Ilona van Breugel MSc
I. van Breugel, MSc is postdoctoraal onderzoeker bij het departement Bestuurskunde en Sociologie aan de Erasmus Universiteit Rotterdam en docent bij de opleiding Ruimtelijke Ontwikkeling aan de Hogeschool Rotterdam. Zij doet onderzoek naar (lokaal) integratiebeleid.
Article

Access_open The Feminisation of Belgian Local Party Politics

Tijdschrift Politics of the Low Countries, Aflevering 2 2020
Trefwoorden local politics, local party branches, local elections, gender quotas, Belgium
Auteurs Robin Devroe, Silvia Erzeel en Petra Meier
SamenvattingAuteursinformatie

    This article investigates the feminisation of local politics. Starting from the observation that the representation of women in local electoral politics lags behind the regional and federal level, and taking into account the relevance of local party branches in the recruitment and selection of candidates for elections, we examine the extent to which there is an ‘internal’ feminisation of local party branches and how this links to the ‘external’ feminisation of local electoral politics. Based on surveys among local party chairs, the article maps patterns of feminisation over time and across parties, investigates problems local branches encounter in the recruitment of candidates for local elections, and analyses the (attitudes towards the) measures taken to further the integration of women in local electoral politics. We conclude that internal and external feminisation do not always go hand in hand and that local politics continues to be a male-dominated political biotope.


Robin Devroe
Robin Devroe is a postdoctoral researcher in the Department of Political Sciences of Ghent University and member of the research group GASPAR. Her main research interest is the study of the political representation of diverse social groups and voting behaviour, with a specific focus on the descriptive representation of women, and she has a fascination for experimental methods. Her doctoral work (2019, Ghent University) focused on the prevalence of political gender stereotypes among Flemish voters. In the past, Robin was a visiting scholar at Texas A&M University (2018, US). Since 2020, she has been co-convenor of the European Consortium for Political Research’s (ECPR’s) Group on Gender and Politics.

Silvia Erzeel
Silvia Erzeel is Assistant Professor at the Department of Political Science, Vrije Universiteit Brussel. Her research interests include party politics, political representation, gender and intersectionality, and comparative politics. Her current research focuses on three main areas: the integration of gender equality in political parties, intersectionality and political representation in Europe, and the consequences of economic and social inequality for representative democracy. Since 2018, she has been co-convenor of the European Consortium for Political Research’s (ECPR’s) Standing Group on Gender and Politics.

Petra Meier
Petra Meier is Professor of Politics at the Faculty of Social Sciences, University of Antwerp. Her research focuses on the (re)presentation of gender+ in politics and policies. Late work focused on the conceptualisation of symbolic representation, how it operates and the issues at stake from an inclusive perspective. Recently, she turned to study democratic deficits in federal systems, especially Belgium, and processes of de-democratisation in general. She is particularly interested in understanding how such processes affect the demos, more particularly from a gender, an LGBTQI or an ethnic perspective, and what dynamics of marginalisation and exclusion they generate.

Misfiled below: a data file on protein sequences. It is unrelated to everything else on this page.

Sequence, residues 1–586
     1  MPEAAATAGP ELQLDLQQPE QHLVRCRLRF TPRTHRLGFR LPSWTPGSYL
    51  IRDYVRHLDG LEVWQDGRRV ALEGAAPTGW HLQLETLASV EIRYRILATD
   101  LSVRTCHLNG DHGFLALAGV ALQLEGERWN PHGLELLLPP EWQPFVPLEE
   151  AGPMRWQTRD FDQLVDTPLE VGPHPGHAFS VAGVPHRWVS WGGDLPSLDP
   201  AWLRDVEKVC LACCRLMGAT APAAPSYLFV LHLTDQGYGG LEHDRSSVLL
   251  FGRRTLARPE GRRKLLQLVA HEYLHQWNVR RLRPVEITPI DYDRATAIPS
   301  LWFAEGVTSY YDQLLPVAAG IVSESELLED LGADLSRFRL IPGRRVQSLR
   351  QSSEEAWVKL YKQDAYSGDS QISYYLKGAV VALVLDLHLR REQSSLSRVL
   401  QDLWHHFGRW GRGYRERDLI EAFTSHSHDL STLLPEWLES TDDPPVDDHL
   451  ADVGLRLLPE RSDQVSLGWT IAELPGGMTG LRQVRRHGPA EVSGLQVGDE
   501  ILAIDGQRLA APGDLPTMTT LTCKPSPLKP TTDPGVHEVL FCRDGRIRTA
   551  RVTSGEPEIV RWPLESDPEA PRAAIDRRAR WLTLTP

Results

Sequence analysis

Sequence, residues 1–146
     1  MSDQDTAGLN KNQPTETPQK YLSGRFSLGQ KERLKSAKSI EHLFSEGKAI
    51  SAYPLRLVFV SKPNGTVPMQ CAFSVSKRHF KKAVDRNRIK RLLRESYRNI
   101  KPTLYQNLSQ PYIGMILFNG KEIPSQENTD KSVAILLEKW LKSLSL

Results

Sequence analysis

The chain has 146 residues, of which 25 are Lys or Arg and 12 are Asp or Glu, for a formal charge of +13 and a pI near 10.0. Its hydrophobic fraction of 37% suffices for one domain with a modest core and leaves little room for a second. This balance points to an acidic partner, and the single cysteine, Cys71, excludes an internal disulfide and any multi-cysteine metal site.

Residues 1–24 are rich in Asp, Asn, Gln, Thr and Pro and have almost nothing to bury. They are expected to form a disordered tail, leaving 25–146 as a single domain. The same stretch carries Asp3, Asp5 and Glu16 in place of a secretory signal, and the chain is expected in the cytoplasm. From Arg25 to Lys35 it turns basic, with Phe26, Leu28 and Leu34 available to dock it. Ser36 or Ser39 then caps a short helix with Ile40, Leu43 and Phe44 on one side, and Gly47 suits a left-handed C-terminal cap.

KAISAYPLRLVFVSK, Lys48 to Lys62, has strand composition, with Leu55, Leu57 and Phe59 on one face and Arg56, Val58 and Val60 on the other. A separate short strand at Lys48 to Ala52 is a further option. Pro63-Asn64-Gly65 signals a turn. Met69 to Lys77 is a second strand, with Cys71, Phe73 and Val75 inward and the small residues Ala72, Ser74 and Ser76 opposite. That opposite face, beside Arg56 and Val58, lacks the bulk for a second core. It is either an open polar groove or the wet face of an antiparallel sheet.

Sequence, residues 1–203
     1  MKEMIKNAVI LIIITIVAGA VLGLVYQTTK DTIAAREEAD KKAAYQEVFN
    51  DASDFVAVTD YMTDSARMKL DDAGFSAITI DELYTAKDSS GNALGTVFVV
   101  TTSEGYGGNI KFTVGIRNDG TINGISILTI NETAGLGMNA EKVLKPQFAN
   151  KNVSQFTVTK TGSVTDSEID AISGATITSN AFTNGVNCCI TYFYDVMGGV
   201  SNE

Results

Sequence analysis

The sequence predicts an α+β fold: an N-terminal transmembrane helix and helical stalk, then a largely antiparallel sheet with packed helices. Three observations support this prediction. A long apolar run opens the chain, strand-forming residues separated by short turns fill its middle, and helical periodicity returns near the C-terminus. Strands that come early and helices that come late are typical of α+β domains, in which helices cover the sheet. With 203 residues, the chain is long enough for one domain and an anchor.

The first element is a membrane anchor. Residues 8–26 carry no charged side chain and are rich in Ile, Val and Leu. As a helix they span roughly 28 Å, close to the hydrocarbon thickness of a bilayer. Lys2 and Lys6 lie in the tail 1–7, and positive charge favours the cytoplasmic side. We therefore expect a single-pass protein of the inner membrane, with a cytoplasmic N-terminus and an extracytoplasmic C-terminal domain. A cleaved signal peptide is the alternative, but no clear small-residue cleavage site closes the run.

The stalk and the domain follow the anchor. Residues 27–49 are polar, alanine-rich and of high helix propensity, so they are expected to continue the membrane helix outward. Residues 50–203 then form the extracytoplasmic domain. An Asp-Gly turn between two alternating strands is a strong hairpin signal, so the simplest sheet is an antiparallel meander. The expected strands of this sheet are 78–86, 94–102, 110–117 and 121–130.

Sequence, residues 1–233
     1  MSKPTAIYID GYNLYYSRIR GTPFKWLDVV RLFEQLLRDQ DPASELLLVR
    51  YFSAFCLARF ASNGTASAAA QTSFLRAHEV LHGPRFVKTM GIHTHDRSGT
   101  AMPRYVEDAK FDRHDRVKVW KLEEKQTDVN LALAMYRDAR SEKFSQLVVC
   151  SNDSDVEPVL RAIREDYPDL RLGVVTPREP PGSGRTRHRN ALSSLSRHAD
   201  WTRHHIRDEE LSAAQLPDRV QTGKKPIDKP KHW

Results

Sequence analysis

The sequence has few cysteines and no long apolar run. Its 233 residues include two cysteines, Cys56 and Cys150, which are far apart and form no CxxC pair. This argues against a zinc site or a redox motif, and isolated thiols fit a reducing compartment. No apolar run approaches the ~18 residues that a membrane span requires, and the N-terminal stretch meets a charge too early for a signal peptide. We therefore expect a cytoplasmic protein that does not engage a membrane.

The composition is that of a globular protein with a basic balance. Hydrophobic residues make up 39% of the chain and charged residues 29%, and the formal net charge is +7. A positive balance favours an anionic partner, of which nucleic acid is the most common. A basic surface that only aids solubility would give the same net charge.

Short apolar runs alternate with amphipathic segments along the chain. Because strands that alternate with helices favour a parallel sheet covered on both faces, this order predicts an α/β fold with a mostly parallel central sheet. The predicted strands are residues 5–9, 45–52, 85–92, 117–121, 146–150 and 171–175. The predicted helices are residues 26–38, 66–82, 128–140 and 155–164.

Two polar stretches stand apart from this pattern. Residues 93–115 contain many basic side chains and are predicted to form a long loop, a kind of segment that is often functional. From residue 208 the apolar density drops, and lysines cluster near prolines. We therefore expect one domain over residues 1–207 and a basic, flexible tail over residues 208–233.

Article

Between Party Democracy and Citizen Democracy

Explaining Attitudes of Flemish Local Chairs Towards Democratic Innovations

Tijdschrift Politics of the Low Countries, Aflevering 2 2020
Trefwoorden democratic innovations, citizen participation, local politics, Flanders, Belgium
Auteurs Didier Caluwaerts, Anna Kern, Min Reuchamps e.a.
SamenvattingAuteursinformatie

    As a response to the perceived legitimacy crisis that threatens modern democracies, local government has increasingly become a laboratory for democratic renewal and citizen participation. This article studies whether and why local party chairs support democratic innovations fostering more citizen participation. More specifically, we analyse the relative weight of ideas, interests and institutions in explaining their support for citizen-centred democracy. Based on the Belgian Local Chairs Survey in 2018 (albeit restricting our analysis to Flanders), the central finding is that ideas matter more than interests and institutions. Ideology is alive and kicking with regard to democratic innovation, with socialist and ecologist parties and populist parties being most supportive of participatory arrangements. By contrast, interests and institutions play, at this stage, a minor role in explaining support for participatory innovations.


Didier Caluwaerts
Didier Caluwaerts is Assistant Professor of Political Science at the Vrije Universiteit Brussel. His research and teaching deal with Belgian and comparative politics and democratic governance in deeply divided societies. His work has been published in various journals, including European Political Science Review, West European Politics, the Journal of Legislative Studies and Acta Politica.

Anna Kern
Anna Kern is Assistant Professor at research group GASPAR at the Department of Political Science of Ghent University. Her main research interests include political participation, political equality and political legitimacy. Her work has been published in international peer-reviewed journals such as West European Politics, Local Government Studies, Social Science Research and Political Behavior.